dog sutra §1

leaves turn into butterflies
they’ve understood 
that as winter bites
they might fly away

dog sutra §2

leaves go to earth
berries hang
like bright bells

dog sutra §3

the two of us
you running
into your future
me as slow
as one step forward
and then the next

dog sutra §4

between the sloe
and the oyster
a tree singing

dog sutra §5

we hang on in hope
but you know nothing
of winter’s tooth

dog sutra §6

mist lying in pools
another country
arrive and it’s gone

About Dick Jones

I'm a post-retirement Drama teacher, currently working part-time. I have a grown-up son and daughter, three grandchildren and three young children from my second marriage. I write - principally poetry but prose too, both fitfully published. My poetry collection Ancient Lights is published by Phoenicia Publishing ( and my translation of Blaise Cendrars' 'Trans-Siberian Prosody and Little Jeanne from France' (illustrated by my friend, the artist, writer and long-time blogger Natalie d'Arbeloff) is published by Old Stile Press ( I play bass guitar & bouzouki in the song-based acoustic/electric trio Moorby Jones, playing entirely original material. spotify:artist:07MDD5MK9MnRGSEZwbsas9 I have a dormant blog with posts going back to 2004 at Dick Jones' Patteran Pages - - and I'm a radio ham. My callsign is G0EUV
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4 Responses to DOG SUTRAS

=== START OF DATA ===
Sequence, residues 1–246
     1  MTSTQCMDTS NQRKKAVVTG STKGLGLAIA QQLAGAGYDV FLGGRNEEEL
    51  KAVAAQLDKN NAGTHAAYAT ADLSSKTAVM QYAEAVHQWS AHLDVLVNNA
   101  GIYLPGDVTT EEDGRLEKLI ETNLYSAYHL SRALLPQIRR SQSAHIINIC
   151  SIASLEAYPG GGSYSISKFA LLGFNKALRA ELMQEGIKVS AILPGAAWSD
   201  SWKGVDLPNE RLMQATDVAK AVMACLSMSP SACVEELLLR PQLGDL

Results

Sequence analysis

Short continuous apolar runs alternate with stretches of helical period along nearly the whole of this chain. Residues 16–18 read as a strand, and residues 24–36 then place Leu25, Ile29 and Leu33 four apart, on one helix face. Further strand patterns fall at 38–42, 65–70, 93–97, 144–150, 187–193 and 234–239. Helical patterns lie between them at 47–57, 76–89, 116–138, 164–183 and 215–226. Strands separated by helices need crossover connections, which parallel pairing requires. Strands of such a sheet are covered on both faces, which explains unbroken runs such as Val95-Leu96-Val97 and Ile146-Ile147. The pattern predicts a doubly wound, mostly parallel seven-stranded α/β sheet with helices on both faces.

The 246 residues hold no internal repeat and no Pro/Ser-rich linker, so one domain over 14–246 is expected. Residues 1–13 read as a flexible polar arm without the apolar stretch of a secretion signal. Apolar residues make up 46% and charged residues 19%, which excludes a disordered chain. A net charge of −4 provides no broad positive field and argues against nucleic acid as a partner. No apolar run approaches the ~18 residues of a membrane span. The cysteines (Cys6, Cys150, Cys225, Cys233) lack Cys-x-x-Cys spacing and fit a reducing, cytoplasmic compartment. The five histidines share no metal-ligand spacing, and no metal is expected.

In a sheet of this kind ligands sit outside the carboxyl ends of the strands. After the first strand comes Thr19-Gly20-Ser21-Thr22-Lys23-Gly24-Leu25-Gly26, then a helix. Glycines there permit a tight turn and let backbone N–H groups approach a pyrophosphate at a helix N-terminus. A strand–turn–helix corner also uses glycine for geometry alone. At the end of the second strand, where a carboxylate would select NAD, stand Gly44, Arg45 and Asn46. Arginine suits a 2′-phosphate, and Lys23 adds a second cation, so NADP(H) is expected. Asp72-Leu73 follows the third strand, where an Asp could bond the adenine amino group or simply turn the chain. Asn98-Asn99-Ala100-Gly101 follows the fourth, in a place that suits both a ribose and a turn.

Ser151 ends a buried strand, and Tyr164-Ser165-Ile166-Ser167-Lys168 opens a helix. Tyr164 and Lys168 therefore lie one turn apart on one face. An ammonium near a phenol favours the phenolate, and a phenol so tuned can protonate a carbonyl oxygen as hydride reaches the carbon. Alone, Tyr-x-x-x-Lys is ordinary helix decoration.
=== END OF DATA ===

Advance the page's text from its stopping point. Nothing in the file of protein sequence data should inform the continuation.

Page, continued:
1. Dave Bonta says:

    These are great. Nothing like a good, brisk walk with a dog to shake the poems loose!

  2. Dick Jones says:

    Thanks, Dave. I’ve enjoyed cutting language back to the bone. Channeling my inner Beckett, maybe!

  3. sackerson says:

    Good to cut back to the bone.

    Walking somehow does get writing to flow. Why, I’m not sure. I do get cross with myself walking sometimes that I’m doing one thing while thinking of another. Walking, when one thinks about it, challenges one to live in the Now. Which is where these poems seem to come from!

    • Dick Jones says:

      I’m not sure why either. Maybe it’s because there’s absolutely nothing else to do whilst putting one foot in front of the other. When I’m out with Lupin, I either talk my thoughts aloud or I put poems or lyrics together. So, yes, it’s a case of being in the Now!

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